In the previous post, I observed that what is true of a married couple—what God has joined, man must not put asunder—is true of other things as well. Just as the divorce between a husband and his wife divides what ought not be divided, so too those today who divide faith and reason either insisting on faith alone or reason alone, wrongly try to rend and tear a seamless garment—to the detriment of both. In the same way that modern man has often wrongly parted faith from reason, he has also sought to divide the indivisible in other spheres. He has sought to divide love from responsibility.
Not long ago, I was engaged in my dissertation research in Rome where I was staying in an apartment in Centocelle with an Italian and two Americans. When one of those Americans, a Californian, and I were walking to the subway to Rome, he was telling me of his various love interests. When I suggested in reply that it was only possible to love one women, he objected. He suggested that it was only possible to love one woman responsibly, but that one might still love other women. The conversation moved onto other subjects, but I could not help reflecting that my then-roommate had fallen into an error common in the modern world in trying to divorce love from responsibility. In reality, however, such a “love” is scare worthy of the name.
Love without responsibility is no more love than a story without plot is a story. In reality, responsibility is at the center of the story. It suggests duty, an obligation not to self, but to others. It means not only something a man might want to do, but something that he ought to do, whether he will or no. This responsibility causes love to look not to self, but outward. It is what leads a soldier to fall on a grenade for his friends, a wife to care for a sick or alcoholic husband, a parent to suffer for a child.
Where real love, complete with duty and responsibility, would have a man look outward modern man often prefers to look inward. He would make himself happy for it is his life to live, he must look out for number one, do what makes him happy, and be true to himself. An man who looks too much to himself, however, cannot look to anything outside of him. Such a man can rise to no responsibility nor answer a call to duty. Those things would require him to look outward, but our modern individualist looks only inward. Rejecting any real obligation or responsibility, real love becomes impossible and all that remains is a poor shadow where one loves not others, but as Fulton Sheen says, but only one’s own self in others. One loves another not for their sake, but for one’s own.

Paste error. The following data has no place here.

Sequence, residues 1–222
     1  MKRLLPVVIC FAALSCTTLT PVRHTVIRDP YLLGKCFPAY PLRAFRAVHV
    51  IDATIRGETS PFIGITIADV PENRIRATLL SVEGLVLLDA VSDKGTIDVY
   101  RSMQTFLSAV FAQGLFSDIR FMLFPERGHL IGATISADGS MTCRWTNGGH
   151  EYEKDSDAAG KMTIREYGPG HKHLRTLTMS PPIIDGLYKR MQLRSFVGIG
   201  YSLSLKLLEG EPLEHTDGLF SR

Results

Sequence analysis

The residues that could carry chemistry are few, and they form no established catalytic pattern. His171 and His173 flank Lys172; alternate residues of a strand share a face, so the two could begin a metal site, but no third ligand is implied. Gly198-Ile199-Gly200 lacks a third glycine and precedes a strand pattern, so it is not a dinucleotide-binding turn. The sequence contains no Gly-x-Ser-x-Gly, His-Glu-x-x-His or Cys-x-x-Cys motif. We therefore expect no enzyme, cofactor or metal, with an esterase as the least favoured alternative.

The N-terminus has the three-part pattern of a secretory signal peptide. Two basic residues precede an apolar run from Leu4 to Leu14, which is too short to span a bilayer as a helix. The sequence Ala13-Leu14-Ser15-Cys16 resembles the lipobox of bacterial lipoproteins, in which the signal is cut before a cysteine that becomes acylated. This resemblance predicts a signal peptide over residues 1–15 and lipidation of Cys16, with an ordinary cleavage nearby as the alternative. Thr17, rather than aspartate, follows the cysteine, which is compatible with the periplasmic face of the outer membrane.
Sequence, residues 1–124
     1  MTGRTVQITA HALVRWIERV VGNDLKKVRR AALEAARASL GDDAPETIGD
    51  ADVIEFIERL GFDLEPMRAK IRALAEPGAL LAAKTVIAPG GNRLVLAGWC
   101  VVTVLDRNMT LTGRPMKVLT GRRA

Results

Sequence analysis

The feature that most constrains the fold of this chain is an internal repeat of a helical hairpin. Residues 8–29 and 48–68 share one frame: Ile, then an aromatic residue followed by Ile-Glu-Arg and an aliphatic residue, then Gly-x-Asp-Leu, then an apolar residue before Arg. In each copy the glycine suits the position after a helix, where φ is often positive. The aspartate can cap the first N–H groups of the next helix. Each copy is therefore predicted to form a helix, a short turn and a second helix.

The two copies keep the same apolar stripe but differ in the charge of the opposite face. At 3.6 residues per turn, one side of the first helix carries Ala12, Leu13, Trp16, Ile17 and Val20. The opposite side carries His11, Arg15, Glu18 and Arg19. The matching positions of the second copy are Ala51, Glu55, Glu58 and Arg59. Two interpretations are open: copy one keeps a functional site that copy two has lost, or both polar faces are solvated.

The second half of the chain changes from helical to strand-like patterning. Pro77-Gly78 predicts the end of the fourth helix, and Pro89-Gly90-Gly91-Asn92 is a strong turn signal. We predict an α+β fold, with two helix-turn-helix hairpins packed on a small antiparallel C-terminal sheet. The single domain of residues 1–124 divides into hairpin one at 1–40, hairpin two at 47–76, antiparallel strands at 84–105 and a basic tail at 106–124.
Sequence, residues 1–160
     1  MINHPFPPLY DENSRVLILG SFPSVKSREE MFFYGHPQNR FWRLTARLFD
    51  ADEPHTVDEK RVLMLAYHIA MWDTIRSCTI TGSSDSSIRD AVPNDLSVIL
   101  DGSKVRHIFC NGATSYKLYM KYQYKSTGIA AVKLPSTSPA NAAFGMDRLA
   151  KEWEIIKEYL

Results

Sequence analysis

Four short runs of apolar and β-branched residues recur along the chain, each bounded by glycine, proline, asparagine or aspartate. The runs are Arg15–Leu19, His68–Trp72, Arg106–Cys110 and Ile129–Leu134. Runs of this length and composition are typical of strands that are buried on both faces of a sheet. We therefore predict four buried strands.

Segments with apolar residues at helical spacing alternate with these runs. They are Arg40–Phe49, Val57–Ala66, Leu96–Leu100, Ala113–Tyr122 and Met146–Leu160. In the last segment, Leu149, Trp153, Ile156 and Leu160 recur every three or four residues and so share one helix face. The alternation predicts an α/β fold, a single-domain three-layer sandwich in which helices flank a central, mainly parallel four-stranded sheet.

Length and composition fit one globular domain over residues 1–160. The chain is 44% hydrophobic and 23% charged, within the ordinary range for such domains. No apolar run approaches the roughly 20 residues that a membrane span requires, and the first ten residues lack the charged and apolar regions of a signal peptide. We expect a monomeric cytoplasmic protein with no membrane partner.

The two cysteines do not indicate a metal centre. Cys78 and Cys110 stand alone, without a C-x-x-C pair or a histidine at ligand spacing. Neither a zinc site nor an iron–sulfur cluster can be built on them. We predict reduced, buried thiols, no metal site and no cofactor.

This poor shadow of love has fallen across much of modernity and modern relationships, which only suffer for it. The divorce between love and responsibility may be seen in the use of contraception where a couple accepts the pleasure associated with sex, but none of the responsibility. The man rejects both the potential obligation of having to support a woman whose own career may be injured by having a child and the responsibility to raise that child. Indeed, the tremendous responsibility of having a child and the rejection of responsibility may explain the decreasing birthrate in an individualistic western society. It may explain the high rate of abortion, for little other explanation of the 4,000 children aborted each day is possible, than that their parents reject their own responsibility towards them. The burden of a child seems too great only when love is too small.
Other examples might be multiplied. There is the high divorce rate, the tendency for couples to live together without marriage, or even the promise of it. All these show what happens when a modern world rejects the responsibility associated with love. A traditional captain might go down with the ship, but a modern captain would be first in the lifeboat. Such a love scarce deserves the name, but is rather a pale shadow of what it ought to be. In yet another case, what God has joined, man has put asunder.